Parents tend to be so busy with their jobs or careers; it is too easy to overlook the fact that their children should be their top priority.  

They think giving a child money and gifts is a quick fix.  Children want love, attention, support and encouragement from their parents.  When they are deprived of this, it shows in their behavior.

When they don’t get their parents’ attention, children have been known to journey into unfamiliar places.  This is why it is important to establish a trustworthy friendship between yourself and the youngster through letters or conversation. 

When I get the opportunity to speak with a youngster who has turned from “the way,” I try to do my best to share my life experiences and how I wouldn’t want any of them to travel that path.

I tell them the truth and importance of getting a quality education.  Always encourage them to do their best and allow them to make decisions on their own.  Remember, a youngster mimics what he/she is close to. 

Sometimes mentors are the guiding force in shaping your child’s thoughts and moral standards.  If not, we have become the primary influence in the life of a youngster.  It means a lot to me when I’ve made a difference in the life of a child.

Peace and Blessings,

John D. McNeil
Copyright © 2015 by John D. McNeil

Wednesday, March 18, 2015

Fear of Acceptance Volume 1

“Leroy Mann, I am giving you a direct order to push that buggy up the tunnel.”

It was June of 2002.  Most of the Unit 2’s death row occupancy had been transported to the much heralded $20 million facility, known as Unit 3.  

I was living on E-block at the time, and we were the last of the death row residency to be hauled into this pristine box of an existence.

For months I read about this “state of the art containment unit” in the newspapers.  It drew such a high degree of media coverage; some inmates convinced themselves the state’s intentions worked in favor of the death row prisoner.  Prior to the mass exodus from Unit 2, I overheard one inmate asking the unit manager, “how much longer before we go home?” Home?  This is what it’s come to?  The lair of your captors has subjugated your mental to conceive this unjustly placement as home.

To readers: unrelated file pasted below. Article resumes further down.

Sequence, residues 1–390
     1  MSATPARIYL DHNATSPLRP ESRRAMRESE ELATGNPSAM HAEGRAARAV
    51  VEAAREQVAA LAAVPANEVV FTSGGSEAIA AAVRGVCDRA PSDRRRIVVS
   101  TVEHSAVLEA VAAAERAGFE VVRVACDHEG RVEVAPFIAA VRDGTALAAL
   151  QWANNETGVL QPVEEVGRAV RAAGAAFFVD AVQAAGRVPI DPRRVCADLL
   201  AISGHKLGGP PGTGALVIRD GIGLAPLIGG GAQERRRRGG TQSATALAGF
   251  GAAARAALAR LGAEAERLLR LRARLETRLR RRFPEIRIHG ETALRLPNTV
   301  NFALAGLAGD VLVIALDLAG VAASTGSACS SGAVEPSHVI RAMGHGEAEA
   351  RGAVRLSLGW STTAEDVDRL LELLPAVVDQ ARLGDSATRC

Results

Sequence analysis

This inquiry of defeatism tickled the unit manager similar to the way a skipper enjoys watching the fish jump out of the water and into his boat; if the fish are clueless to its new environment, it simply makes the skipper’s job that much easier.  These times have been tempestuous, and have put me down like a George Foreman right hook, but I’ll never lay face down on the canvas, and call it home.

“I’m not pushing that buggy.” The sergeant squinted her frog-like eyes at my anticipated defiance.  She knew this would be my responses before she volunteered me to push this trashcan dumpster – converted into a transport cart – for the personal property of the remaining E-block residents.

“Oh really?” Her tone indicated she took pleasure in my display of insubordination.  You see, once an officer resort to the term, “I am giving you a direct order,” you either comply, or you pay the $10 penalty that comes with inevitable time in “the Bing.” My mind was already set on the latter.

Moving to this new facility meant more than having a larger dayroom.  It means so much more than having our own canteen.  To me, this building represents the feather in the hats of politicians that want the public to believe there is a drastic need for the death penalty in this state.  This building is the embodiment of capital punishment weaving its way into acceptance.

The brief standoff between the sergeant and myself was interrupted by a male officer (the good cop).  “C’mon Leroy, just push the buggy so you won’t get in no more trouble man.” Trouble? That was the last thing going through my mind.  At that time, my thoughts were occupied with the retracing the steps of an 11 year old boy at Veteran’s Stadium in Philadelphia, standing stiff in the middle of a dark, dank jail cell – subjected to this same “good cop, bad cop” routine.

It was obvious the sergeant’s intent was to make an example of me.  In the weeks prior, she made it known that our Unit 2 lifestyle would not be tolerated in this new building.  She stressed boiling water or cooking our own food would trigger the fire alarm and sprinkler system.  Then there was the oversold hype about the security cameras.  Before the migration began, it was believed all movement was monitored; there was no privacy.  A closed door meant nothing.

“I ain’t pushing shit!”

Nuff Said...for now,

Copyright © 2015 by Leroy Elwood Mann